Since the laser frequency tracks the resonance frequency of the FBG-FP, the temperature dynamic range is ∼46 °C, which is limited by the laser tuning range. Note that the maximum temperature and the minimum temperature can be tailored by changing the operating frequency of the laser or the resonance frequency of the FBG-FP as required. For example, the temperature range can be adjusted from -5 °C ∼ 37 °C to 6 °C ∼ 50 °C for different applications.
The sensor stability and noise feature have been analyzed by Allan deviation (AD). By placing the FBG-FP into a gallium-melting-point (GaMP) cell stabilized at 29.7646 °C (uncertainty: 2.5×10−4 °C) and recording the feedback voltage with a sampling frequency of 10 Hz, the calculated AD is shown in Fig. 4. For short averaging times (below ∼10 s), the decreasing green dashed line τ-1/2 represents that the sensor noise is dominated by white noise. A temperature resolution of 7×10−4 °C can be achieved at an averaging time of 10 s.
Table 1 presents the performance comparisons of fiber-optic temperature sensors with different interrogation schemes. Compared to other temperature sensors, our proposed sensor has the advantages of high resolution and large dynamic range which are achieved by simple setup, commercially available sensor head, and simple data processing. Furthermore, the temperature resolution of our proposed sensor can be further improved by improving the sensitivity of the sensor head.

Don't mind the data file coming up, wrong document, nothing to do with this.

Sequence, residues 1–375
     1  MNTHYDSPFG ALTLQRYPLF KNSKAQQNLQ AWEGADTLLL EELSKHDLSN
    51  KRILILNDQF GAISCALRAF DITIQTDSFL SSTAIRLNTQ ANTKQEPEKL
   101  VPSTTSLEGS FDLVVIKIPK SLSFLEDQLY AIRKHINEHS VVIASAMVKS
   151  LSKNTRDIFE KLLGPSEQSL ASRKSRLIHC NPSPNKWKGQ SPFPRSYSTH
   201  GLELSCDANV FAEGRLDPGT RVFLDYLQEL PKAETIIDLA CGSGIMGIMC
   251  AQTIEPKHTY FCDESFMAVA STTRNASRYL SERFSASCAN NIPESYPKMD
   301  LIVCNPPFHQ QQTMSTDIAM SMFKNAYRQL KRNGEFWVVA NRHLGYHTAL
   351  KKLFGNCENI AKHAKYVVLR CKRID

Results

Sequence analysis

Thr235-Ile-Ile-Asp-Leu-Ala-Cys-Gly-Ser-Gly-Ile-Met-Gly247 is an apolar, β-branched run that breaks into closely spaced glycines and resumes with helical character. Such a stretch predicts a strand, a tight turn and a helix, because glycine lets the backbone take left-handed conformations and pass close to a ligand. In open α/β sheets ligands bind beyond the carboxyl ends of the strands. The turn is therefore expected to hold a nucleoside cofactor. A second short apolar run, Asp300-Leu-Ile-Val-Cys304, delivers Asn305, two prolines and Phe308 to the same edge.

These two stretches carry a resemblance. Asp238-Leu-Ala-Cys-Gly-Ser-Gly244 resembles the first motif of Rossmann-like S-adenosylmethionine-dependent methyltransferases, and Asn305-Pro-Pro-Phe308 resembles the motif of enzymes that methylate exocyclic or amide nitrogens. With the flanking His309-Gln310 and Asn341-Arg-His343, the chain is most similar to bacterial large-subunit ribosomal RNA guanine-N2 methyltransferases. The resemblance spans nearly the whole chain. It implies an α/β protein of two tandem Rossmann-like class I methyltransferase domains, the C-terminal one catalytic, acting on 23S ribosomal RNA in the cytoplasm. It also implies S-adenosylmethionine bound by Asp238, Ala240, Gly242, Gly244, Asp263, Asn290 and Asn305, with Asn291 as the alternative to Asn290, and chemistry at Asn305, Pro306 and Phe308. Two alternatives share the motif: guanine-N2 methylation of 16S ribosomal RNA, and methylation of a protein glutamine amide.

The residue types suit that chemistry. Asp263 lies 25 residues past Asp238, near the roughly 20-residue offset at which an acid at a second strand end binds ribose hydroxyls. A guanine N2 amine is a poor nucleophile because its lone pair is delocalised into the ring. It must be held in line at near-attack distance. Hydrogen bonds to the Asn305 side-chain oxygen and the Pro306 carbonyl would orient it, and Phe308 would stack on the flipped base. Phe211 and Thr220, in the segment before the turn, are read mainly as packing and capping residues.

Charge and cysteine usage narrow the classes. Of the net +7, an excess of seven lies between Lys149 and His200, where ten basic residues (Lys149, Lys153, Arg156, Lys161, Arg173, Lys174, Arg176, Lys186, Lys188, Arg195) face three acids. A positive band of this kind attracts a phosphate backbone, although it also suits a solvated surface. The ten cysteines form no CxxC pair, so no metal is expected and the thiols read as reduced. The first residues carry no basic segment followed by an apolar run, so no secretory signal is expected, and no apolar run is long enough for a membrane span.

This paper demonstrates a fiber-optic temperature sensor using FBG-FP with a temperature resolution of 7×10−4 °C, a dynamic range of ∼46 °C. Through laser frequency dither locking scheme, the feedback voltage is used to detect the resonance frequency shift of FBG-FP due to temperature changes. It is worth noting that the laser frequency dither locking scheme is versatile and can also be used to high-resolution sensing on other parameters, such as strain, refractive index and pressure, with a proper design to the sensor head. When a whispering-gallery mode (WGM) resonator is used as the sensor head, our proposed sensor can measure small temperature fluctuations on the submicron scale, such as in microcircuits and intracellular liquids .
These efforts pave the way for future optoelectronic hybrid integration and miniaturization to achieve in-situ measurement .
Ministry of Science and Technology of the People's Republic of China (2019YFC1408600); Department of Science and Technology of Shandong Province (2018YFJH0702, 2019JZZY0207, S190401010001).
The authors declare no conflicts of interest.
Data underlying the results presented in this paper are not publicly available at this time but may be obtained from the authors upon reasonable request.